V = I x R V = 120 v
I = ?
R = 240 Ω
Ohm’s Law Example 2 : Ohm’s Law Example 2 A radio with a resistance of 240 Ω is plugged into a 120 v outlet. What is the current flowing through the outlet?
V = I x R 120 v = I * 240 Ω V = 120 v
I = ?
R = 240 Ω
Ohm’s Law Example 2 : Ohm’s Law Example 2 A radio with a resistance of 240 Ω is plugged into a 120 v outlet. What is the current flowing through the outlet?
V = I x R I = 120v / 240 Ω V = 120 v
I = ?
R = 240 Ω 120 v = I * 240 Ω
Ohm’s Law Example 2 : Ohm’s Law Example 2 A radio with a resistance of 240 Ω is plugged into a 120 v outlet. What is the current flowing through the outlet?
V = I x R I = 0.5 amp V = 120 v
I = ?
R = 240 Ω I = 120v / 240 Ω 120 v = I * 240 Ω
Power : Power RATE at which energy is flowing
The measure of the RATE at which electricity does work or provides energy
Symbol = P
Units = Watts (W)
P = I x V
Power Example : Power Example If a CD player uses 4.5v with 0.2 amp current, how much power does it use?
P = I x V
Power Example : Power Example If a CD player uses 4.5v with 0.2 amp current, how much power does it use?
P = I x V P= ?
I = 0.2 amp
V= 4.5 v
Power Example : Power Example If a CD player uses 4.5v with 0.2 amp current, how much power does it use?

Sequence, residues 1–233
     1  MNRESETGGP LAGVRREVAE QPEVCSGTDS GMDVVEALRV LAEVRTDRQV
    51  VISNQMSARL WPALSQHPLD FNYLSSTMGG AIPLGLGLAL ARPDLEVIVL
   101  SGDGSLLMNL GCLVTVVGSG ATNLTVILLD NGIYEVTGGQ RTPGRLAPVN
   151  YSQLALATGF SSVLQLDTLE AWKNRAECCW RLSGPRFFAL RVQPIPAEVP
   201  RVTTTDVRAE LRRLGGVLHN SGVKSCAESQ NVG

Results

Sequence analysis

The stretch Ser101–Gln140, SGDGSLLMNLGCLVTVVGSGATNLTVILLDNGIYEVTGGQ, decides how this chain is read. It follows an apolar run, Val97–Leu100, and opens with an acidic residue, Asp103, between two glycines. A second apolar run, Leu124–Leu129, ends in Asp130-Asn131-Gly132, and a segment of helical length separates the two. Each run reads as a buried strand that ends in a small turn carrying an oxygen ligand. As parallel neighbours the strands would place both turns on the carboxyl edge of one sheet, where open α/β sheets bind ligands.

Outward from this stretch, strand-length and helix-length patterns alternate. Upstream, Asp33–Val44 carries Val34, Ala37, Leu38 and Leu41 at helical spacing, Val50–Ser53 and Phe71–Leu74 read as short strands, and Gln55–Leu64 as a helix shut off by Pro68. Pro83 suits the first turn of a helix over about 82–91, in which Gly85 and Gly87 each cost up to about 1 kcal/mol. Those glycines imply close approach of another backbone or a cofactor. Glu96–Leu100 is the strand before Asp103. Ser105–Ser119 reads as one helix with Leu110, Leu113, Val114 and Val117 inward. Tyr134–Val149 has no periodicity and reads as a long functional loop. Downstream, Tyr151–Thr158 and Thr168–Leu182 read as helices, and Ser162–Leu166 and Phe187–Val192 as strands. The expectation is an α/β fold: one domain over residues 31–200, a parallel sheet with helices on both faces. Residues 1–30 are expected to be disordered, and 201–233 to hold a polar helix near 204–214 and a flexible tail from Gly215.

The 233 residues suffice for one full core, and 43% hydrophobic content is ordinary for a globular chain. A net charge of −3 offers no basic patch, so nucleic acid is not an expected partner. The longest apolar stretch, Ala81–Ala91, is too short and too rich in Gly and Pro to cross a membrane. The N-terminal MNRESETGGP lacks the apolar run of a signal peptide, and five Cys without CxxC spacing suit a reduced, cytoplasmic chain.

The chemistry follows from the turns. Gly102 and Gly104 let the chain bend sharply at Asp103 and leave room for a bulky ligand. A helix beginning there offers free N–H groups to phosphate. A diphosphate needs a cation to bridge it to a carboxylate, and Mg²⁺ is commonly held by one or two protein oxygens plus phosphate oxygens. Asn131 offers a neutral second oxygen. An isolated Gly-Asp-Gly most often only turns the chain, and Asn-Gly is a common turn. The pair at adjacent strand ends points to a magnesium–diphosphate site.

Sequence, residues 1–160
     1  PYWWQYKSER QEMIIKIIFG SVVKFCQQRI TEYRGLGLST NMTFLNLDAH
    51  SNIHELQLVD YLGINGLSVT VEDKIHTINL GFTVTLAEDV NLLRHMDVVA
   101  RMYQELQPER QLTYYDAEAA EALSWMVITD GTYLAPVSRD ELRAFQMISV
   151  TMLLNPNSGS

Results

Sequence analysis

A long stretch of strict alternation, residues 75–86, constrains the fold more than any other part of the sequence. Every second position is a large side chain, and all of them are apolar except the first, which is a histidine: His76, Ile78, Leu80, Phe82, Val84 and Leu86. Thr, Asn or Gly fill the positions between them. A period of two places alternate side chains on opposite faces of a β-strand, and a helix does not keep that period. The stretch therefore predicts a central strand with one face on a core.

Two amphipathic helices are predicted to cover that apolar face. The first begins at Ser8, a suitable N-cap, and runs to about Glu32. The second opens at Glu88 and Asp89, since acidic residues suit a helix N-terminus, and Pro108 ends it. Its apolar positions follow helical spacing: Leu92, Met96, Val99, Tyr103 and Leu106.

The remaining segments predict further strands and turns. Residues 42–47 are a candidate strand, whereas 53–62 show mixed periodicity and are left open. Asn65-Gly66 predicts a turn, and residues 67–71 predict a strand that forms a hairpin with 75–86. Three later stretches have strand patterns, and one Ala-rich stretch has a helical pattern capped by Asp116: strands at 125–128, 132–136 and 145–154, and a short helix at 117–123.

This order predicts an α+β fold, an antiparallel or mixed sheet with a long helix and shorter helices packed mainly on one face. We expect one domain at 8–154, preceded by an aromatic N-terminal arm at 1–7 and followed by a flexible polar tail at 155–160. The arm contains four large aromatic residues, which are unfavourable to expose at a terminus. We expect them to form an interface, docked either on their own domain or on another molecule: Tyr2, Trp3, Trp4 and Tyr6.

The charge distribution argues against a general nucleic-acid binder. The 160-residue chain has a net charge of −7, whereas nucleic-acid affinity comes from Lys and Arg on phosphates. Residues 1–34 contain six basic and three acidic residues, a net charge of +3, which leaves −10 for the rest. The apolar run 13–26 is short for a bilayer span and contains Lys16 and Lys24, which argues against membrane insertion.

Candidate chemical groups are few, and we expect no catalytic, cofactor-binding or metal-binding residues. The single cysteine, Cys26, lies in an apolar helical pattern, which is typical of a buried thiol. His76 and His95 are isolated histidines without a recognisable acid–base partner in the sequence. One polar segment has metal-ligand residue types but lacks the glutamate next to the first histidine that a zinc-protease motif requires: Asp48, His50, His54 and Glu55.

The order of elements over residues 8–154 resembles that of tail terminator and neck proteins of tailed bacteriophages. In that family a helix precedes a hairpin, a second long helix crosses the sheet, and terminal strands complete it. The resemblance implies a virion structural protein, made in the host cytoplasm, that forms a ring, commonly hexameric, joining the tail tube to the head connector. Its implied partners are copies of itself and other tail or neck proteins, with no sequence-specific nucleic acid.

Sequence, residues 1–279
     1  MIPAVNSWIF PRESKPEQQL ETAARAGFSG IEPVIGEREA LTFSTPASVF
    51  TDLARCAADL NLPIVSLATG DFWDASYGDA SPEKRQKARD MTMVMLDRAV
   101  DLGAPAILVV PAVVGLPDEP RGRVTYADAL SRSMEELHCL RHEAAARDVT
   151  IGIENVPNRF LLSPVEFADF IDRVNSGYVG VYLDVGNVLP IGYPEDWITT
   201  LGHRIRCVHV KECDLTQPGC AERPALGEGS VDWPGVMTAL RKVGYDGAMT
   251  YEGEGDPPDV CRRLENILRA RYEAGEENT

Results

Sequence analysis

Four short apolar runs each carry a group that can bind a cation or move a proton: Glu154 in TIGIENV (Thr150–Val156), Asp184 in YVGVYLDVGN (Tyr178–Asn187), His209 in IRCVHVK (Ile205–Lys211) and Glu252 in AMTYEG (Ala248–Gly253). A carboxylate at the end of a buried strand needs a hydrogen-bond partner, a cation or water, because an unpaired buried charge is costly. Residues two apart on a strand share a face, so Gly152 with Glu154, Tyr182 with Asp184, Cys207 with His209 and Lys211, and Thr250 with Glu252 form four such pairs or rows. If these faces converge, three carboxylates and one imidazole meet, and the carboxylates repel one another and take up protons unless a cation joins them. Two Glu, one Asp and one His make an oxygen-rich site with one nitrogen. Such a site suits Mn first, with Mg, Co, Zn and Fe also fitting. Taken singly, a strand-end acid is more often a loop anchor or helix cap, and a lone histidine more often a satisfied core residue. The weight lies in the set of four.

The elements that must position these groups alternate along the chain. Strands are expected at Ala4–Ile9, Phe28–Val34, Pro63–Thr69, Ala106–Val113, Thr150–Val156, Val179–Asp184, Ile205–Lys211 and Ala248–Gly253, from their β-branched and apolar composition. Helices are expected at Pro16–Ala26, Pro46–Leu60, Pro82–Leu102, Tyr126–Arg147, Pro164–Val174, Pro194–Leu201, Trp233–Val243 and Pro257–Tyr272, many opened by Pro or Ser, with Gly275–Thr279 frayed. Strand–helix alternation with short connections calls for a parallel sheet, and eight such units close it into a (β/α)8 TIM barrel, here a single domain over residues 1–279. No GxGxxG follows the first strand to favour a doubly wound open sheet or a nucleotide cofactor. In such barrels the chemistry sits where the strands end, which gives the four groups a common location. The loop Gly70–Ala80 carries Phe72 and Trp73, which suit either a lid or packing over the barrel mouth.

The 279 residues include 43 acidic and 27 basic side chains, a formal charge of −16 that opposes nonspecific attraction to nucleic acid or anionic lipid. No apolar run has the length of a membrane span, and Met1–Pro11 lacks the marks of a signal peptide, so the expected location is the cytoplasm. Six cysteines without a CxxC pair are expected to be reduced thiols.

P = I x V P = I * V P= ?
I = 0.2 amp
V= 4.5 v
Power Example : Power Example If a CD player uses 4.5v with 0.2 amp current, how much power does it use?
P = I x V P = (0.2amp)(4.5v) P= ?
I = 0.2 amp
V= 4.5 v P = I * V
Power Example : Power Example If a CD player uses 4.5v with 0.2 amp current, how much power does it use?
P = I x V P = 0.9 W P= ?
I = 0.2 amp
V= 4.5 v P = (0.2amp)(4.5v) P = I * V
ELECTRICAL Energy : ELECTRICAL Energy Home use of electric energy is based on the AMOUNT OF ELECTRICAL POWER used per hour
Measured in kilowatt hours (1000 Watts per hour) = kWh
E = P x t
Electrical Energy Example : Electrical Energy Example You use your hairdryer for 20 minutes everyday. The hairdryer uses 1000 kW. How many kilowatt-hours does your hairdryer use in 6 days?